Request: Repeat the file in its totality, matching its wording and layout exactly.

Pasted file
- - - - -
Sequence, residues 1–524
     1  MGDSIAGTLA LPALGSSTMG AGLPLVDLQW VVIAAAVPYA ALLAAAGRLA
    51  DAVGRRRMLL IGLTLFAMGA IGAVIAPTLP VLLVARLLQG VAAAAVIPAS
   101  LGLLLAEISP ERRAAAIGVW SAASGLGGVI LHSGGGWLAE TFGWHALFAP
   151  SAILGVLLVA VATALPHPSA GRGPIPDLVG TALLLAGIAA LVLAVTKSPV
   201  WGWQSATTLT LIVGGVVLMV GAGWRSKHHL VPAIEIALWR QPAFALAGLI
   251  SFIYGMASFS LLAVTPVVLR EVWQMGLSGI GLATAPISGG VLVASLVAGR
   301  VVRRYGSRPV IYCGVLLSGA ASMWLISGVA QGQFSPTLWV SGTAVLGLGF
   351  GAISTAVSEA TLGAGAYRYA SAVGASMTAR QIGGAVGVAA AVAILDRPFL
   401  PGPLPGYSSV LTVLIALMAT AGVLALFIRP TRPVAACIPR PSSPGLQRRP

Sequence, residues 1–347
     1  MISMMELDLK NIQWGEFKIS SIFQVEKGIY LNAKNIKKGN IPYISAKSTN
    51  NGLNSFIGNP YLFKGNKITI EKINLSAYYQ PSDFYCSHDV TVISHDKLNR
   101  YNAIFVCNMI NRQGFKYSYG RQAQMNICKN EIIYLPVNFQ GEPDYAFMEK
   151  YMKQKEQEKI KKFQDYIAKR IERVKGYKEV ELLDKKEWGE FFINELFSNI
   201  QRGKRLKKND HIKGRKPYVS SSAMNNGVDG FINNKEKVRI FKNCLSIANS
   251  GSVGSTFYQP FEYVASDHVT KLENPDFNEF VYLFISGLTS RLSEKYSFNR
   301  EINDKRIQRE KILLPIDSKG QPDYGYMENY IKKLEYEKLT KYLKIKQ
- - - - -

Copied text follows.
Sequence, residues 1–524
     1  MGDSIAGTLA LPALGSSTMG AGLPLVDLQW VVIAAAVPYA ALLAAAGRLA
    51  DAVGRRRMLL IGLTLFAMGA IGAVIAPTLP VLLVARLLQG VAAAAVIPAS
   101  LGLLLAEISP ERRAAAIGVW SAASGLGGVI LHSGGGWLAE TFGWHALFAP
   151  SAILGVLLVA VATALPHPSA GRGPIPDLVG TALLLAGIAA LVLAVTKSPV
   201  WGWQSATTLT LIVGGVVLMV GAGWRSKHHL VPAIEIALWR QPAFALAGLI
   251  SFIYGMASFS LLAVTPVVLR EVWQMGLSGI GLATAPISGG VLVASLVAGR
   301  VVRRYGSRPV IYCGVLLSGA ASMWLISGVA QGQFSPTLWV SGTAVLGLGF
   351  GAISTAVSEA TLGAGAYRYA SAVGASMTAR QIGGAVGVAA AVAILDRPFL
   401  PGPLPGYSSV LTVLIALMAT AGVLALFIRP TRPVAACIPR PSSPGLQRRP

Sequence, residues 1–347
     1  MISMMELDLK NIQWGEFKIS SIFQVEKGIY LNAKNIKKGN IPYISAKSTN
    51  NGLNSFIGNP YLFKGNKITI EKINLSAYYQ PSDFYCSHDV TVISHDKLNR
   101  YNAIFVCNMI NRQGFKYSYG RQAQMNICKN EIIYLPVNFQ GEPDYAFMEK
   151  YMKQKEQEKI KKFQDYIAKR IERVKGYKEV ELLDKKEWGE FFINELFSNI
   201  QRGKRLKKND HIKGRKPYVS SSAMNNGVDG FINNKEKVRI FKNCLSIANS
   251  GSVGSTFYQP FEYVASDHVT KLENPDFNEF VYLFISGLTS RLSEKYSFNR
   301  EINDKRIQRE KILLPIDSKG QPDYGYMENY IKKLEYEKLT KYLKIKQ